My uncle has a dewpond - which they built when they bought the house based on these ideas .. and they feed it with rain from the roof ..

There are lots of alternatives around - but we need to be more responsible within our own environment.

Not sure that answers you .. but not owning a garden at the moment and with thoughts mostly elsewhere .. but I'd like to 'make' a new one ..

One day! - thanks Liara ..
Hilary Melton-Butcher
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Hilary Melton-Butcher said...

Hi Dan and Deanna - I'm pleased you've confirmed that you have them in the States - I thought you probably did. Farmers in South Africa did too .. and I guess they do elsewhere .. - could we use them within our lands elsewhere .. large gardens, villages etc ..

Thanks for coming over and reading ..
Hilary Melton-Butcher
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Giovanna Garcia said...

Hi Hilary

If I didn't read this post I would have never give it much thought to seeing water on the ground. You are full of information. :-)
Thanks for sharing.
Giovanna Garcia
Imperfect Action is better than No Action

Believe Achieve - Hugo and Roxanne said...

Hi Hilary,

We didn't know about Dew ponds until reading your post. Sometimes going back to basics may be the answer to alot of our envirnomental issues today. You bring up an excellent point and solution.

Do agree with Liara about you being a scientist or researcher in another life. :-) Your posts are always so detailed. We love learning so much from you!

Many Blessings....

Roxanne and Hugo
Believe Achieve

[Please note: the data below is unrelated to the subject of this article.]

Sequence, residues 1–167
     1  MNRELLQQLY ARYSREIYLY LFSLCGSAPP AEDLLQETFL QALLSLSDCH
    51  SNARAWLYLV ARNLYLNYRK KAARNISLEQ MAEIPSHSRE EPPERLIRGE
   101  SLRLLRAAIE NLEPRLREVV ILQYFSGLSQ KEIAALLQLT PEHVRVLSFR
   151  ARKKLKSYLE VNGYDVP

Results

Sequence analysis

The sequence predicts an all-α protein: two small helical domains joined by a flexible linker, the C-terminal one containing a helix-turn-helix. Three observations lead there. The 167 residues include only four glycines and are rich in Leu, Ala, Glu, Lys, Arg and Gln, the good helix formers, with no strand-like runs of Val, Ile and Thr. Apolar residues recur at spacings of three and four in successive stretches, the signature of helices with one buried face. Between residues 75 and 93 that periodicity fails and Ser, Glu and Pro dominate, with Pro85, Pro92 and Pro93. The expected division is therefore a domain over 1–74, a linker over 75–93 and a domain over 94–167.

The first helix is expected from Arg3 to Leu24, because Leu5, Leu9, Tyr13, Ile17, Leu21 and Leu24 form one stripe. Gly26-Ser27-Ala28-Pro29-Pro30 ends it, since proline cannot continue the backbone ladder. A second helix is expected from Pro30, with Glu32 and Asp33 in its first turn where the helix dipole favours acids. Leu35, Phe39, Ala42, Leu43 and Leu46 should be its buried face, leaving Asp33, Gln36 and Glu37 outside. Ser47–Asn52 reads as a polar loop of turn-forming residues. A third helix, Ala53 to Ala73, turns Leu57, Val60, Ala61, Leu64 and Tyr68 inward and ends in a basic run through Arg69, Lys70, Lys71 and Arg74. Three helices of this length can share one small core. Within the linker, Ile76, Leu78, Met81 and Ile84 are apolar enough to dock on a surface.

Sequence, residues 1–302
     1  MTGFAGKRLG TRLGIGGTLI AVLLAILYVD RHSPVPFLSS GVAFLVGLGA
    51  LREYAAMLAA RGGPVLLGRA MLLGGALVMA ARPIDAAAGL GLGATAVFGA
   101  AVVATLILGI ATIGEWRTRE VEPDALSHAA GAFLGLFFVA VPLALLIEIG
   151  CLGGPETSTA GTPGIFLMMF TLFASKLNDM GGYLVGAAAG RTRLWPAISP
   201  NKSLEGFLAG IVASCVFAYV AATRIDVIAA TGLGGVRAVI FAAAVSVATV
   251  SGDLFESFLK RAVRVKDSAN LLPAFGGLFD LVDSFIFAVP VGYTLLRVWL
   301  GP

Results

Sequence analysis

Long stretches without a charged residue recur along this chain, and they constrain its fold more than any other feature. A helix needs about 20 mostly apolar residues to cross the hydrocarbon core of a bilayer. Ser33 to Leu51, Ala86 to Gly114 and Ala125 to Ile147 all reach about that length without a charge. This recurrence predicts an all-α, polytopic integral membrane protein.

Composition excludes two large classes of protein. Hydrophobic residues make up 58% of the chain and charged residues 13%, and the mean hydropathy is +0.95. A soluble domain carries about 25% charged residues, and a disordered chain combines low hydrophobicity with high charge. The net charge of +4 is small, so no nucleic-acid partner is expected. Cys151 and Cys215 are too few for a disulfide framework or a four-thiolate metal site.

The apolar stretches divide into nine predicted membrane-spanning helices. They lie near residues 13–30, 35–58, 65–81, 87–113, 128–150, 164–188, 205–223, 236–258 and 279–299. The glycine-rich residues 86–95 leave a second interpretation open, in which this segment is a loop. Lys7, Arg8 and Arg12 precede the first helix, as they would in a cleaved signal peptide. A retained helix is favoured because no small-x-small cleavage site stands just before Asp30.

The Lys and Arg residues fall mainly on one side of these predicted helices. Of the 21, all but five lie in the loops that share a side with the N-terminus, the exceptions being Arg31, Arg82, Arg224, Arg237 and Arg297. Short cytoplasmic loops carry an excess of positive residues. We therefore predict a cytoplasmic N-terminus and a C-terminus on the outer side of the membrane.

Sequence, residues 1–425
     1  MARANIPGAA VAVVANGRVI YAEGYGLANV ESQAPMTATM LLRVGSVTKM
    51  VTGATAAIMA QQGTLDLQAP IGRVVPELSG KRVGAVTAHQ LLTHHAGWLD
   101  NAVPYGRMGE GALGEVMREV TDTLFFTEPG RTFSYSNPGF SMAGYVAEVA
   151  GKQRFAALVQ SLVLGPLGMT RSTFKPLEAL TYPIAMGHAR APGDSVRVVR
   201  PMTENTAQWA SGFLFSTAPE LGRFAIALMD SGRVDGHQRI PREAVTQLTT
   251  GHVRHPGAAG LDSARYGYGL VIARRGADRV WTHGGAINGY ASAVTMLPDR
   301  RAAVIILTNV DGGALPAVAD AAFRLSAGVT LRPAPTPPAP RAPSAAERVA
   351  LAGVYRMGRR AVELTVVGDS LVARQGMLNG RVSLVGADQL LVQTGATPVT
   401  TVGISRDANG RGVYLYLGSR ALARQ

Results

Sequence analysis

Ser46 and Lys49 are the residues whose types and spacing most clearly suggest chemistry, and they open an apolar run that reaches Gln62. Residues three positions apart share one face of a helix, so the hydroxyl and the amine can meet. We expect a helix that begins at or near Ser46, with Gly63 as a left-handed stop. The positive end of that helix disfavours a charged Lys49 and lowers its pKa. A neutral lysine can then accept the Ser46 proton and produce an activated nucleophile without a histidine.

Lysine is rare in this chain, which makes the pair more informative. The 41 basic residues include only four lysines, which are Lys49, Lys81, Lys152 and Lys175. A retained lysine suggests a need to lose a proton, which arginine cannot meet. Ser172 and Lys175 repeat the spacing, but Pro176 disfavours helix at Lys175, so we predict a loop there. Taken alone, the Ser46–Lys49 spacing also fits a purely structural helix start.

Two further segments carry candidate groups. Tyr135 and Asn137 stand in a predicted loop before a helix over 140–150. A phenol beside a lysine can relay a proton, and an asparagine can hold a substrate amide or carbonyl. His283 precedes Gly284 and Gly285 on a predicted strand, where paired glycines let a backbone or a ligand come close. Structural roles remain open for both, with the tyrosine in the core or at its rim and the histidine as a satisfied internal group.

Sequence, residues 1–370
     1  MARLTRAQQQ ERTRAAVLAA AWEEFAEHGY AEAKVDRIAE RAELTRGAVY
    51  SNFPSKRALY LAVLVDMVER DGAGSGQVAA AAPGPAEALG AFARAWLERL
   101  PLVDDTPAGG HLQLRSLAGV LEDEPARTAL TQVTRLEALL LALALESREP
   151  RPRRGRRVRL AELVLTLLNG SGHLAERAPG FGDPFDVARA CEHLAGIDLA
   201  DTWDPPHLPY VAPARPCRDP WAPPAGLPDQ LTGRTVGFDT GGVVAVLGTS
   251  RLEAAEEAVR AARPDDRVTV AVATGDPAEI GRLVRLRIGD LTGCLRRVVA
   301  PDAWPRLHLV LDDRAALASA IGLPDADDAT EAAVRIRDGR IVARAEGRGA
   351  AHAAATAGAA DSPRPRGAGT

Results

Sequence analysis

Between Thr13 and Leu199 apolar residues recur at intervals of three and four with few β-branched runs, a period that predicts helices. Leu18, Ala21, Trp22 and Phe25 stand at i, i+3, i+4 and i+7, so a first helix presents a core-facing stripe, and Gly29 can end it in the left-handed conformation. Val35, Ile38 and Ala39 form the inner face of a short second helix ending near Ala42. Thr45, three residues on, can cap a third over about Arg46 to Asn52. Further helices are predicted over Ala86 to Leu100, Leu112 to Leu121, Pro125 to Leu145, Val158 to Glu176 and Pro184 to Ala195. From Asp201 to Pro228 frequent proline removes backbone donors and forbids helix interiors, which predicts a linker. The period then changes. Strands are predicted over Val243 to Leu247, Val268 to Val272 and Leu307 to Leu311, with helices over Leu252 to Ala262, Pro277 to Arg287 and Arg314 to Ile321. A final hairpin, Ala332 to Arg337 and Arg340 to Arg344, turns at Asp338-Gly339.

Hilary Melton-Butcher said...

Thanks Gio .. I know we pass so much in life without really thinking about where things come from, or why they're there .. it always struck me as odd having a pond at the top of a hill - so it was something I looked up when I first came to Eastbourne ..

and I just love imparting 'new' information - things that interest me and may I hope be interesting to others ..

Thanks for being here for me ..
Hilary Melton-Butcher
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Hilary Melton-Butcher said...

Hi Hugo and Roxanne .. thanks so much .. I appreciate your comments. Yes - we probably need to re-evaluate our lives at the moment .. and look at how we can help ourselves more and not take so much out of the earth, air, waters etc ..

I appreciate your enjoyment of the posts ...
thank you - Hilary Melton-Butcher
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Peter Baca said...

Hello Hilary,

Quite fascinating post today on dew ponds! I was aware of many man made lakes here in the U.S. As you outlined the history of dew ponds goes back to Saxon times.

Thanks for your enlightening post!

Pete Baca
The Car Enthusiast Online

Hilary Melton-Butcher said...

Hi Pete .. good glad you enjoyed it .. I'm sure the pioneers need to create water spots for their settlements as they moved around the country.

It's been an interesting subject ..
Good to see you again after your holiday!
Hilary Melton-Butcher